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Counseling Services seeing an influx of students this semester

By Erin Ross, Transcript Correspondent

Counseling Services at Ohio Wesleyan University (OWU) has experienced an abnormal increase in students seeking help this semester.

Counseling Services provides students with professional and confidential support in times of crisis, challenges or transitions. The staff offers individual, group or couples counseling, consultation, crisis intervention, outreach programming and a variety of other wellness services, according to OWU’s website.

Dr. Doug Bennett, director of Counseling Services, says the number of OWU students who have sought help this semester is atypical. Assistant Director Dr. Julie Duhigg, agrees.

“There is always an increase of requests for help over the progression of a given semester, but this year is standing out in that the requests soared much earlier than usual” Duhigg said.

After running some numbers, Counseling Services recognized a 60 percent increase in students looking for services from this time last year.

“We are struggling to meet the requests for students wanting/needing to be seen. This is unfortunate, and we are working hard to find a way to meet the student body demand for mental health support,” Duhigg said

Students have had to wait around three weeks to get an appointment.

Bennett pointed to a number of causes for this change on OWU’s campus specifically.

“I think this is the new [norm] for us,” Bennett said. “Contributors to that here at OWU have been that we have made a concerted effort to advertise our services quite a bit.”

In addition to the awareness that resulted from such advertising, the creation of the Survivors of Crime Assistance Program (SOCAP) has brought in more students than Counseling Services has seen, Bennett said.

SOCAP, run by counselor Mary DeCenzo, was created through a grant from the office of the Ohio attorney general.Emphasis of the program is working with survivors of crime,” Bennett said. “At a college campus, what that translates to mostly in regard to her work are individuals who have experienced some type of sexual assault.”

In 2017 there were seven cases of sexual assault on OWU’s campus and in 2016 there were 10, according to OWU’s annual Clery Report.

SOCAP provides OWU students who may have been victims of sexual assault with an appropriate resource that supplies emotional and legal support.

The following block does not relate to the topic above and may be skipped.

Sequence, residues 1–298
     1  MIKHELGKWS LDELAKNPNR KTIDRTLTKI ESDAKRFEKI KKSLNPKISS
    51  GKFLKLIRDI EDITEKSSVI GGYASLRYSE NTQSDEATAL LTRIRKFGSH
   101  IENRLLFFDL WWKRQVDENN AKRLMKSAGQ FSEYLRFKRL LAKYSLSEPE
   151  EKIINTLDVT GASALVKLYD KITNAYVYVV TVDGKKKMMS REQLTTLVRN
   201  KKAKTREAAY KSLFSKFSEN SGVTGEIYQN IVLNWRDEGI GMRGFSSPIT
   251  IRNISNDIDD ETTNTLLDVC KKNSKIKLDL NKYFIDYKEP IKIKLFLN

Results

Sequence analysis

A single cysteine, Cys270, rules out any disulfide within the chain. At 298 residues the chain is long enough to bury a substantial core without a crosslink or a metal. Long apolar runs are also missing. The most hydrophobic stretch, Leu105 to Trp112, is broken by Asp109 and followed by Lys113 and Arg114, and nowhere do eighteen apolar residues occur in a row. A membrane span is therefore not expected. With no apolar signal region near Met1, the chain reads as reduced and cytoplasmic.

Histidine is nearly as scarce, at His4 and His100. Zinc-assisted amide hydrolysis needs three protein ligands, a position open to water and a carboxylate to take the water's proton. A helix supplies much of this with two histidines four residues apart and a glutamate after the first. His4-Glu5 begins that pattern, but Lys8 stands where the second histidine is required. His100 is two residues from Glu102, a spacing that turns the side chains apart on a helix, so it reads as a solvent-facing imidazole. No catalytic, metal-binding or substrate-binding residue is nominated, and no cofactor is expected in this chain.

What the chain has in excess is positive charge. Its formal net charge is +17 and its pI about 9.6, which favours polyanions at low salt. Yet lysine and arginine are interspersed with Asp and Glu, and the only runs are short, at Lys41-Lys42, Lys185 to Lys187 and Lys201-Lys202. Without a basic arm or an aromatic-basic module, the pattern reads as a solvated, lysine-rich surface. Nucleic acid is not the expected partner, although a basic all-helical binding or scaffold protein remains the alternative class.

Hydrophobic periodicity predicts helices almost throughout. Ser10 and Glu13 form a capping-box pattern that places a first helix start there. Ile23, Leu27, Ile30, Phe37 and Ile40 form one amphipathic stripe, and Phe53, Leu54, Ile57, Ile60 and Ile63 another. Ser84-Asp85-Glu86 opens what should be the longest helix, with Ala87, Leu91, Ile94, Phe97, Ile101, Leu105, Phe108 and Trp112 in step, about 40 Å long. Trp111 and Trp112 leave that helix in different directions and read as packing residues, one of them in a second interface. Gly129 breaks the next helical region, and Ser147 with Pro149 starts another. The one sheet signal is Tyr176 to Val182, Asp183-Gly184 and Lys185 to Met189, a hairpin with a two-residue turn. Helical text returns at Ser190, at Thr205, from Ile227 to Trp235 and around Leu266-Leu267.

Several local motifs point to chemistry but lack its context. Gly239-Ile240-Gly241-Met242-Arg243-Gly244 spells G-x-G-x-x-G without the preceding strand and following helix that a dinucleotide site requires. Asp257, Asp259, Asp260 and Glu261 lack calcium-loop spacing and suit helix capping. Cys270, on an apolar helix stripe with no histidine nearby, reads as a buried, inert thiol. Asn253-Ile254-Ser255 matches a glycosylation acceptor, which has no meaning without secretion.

Despite factors specific to OWU, Bennett and Duhigg recognized that this unusual increase in numbers has been a nationwide phenomenon.

“I will add that I am part of a nationwide listserv that provides collegial support to clinical directors of college counseling centers and the majority of other colleges in the U.S. [large and small, public and private] are also commenting on the unprecedented increase in numbers of students in need on their campuses,” Duhigg said.

Bennett identified similar discoveries after attending a conference for counseling directors in New Orleans, LA.

“Talking with my colleagues, I think nationwide we are noticing that counseling services are being called on in greater amounts than we have ever experienced,” Bennett said.

Both Bennett and Duhigg identified academic stressors, social connections and the political climate as factors that have affected this national increase.

“I think that young folks, college students, are under stresses that they haven’t been historically,” Bennet said. “That includes stressors in regard to performance academically and the role that plays in regard to securing employment in the future.”

The increased use of social media has also led to disconnection and made one-on-one interactions less rich and therefore more stressful, Bennett said.

Bennett and Duhigg agreed that the current political climate has also added stressors to students.

Duhigg noted anti-immigration attitudes, the rebirth of white nationalism, mass shootings, anti-transgender policies, reactions to the #BlackLivesMatter and #MeToo movements, and threat of climate change as having led to a sense of insecurity in this generation of students.

“I further believe the social/political environment that fosters divisiveness in our country is negatively impacting students,” Duhigg said. “This atmosphere can certainly shape a person’s feeling of safety and security and I think we are seeing that impact creeping in and negatively impacting the mental health of many people in this country … Our students are not immune.”

Despite their struggles in meeting the requests of students, the staff at Counseling Services expressed gladness about students seeking help.

“Ultimately, I am happy that students are utilizing our services because we want to lay eyes on folks and make sure that they are getting what they need,” Bennett said.

According to Bennett, in order to accommodate for the increase in students desiring appointments, Counseling Services will be helping current students evaluate their skills and resources to determine whether or not they will need continued counseling next semester.

Bennett suggested that students waiting for an appointment should utilize the office’s wellness services, which include a meditation room and online resources.

“I also encourage students to take a look at our website because we have spent quite a bit of time putting together resources there that students can access,” Bennett said. “They could learn more about our services, but they could also learn about prevention.”

Counseling Services has walk-in crisis intervention hours from 1 p.m. to 1:30 p.m. on weekdays for students that may need immediate help.

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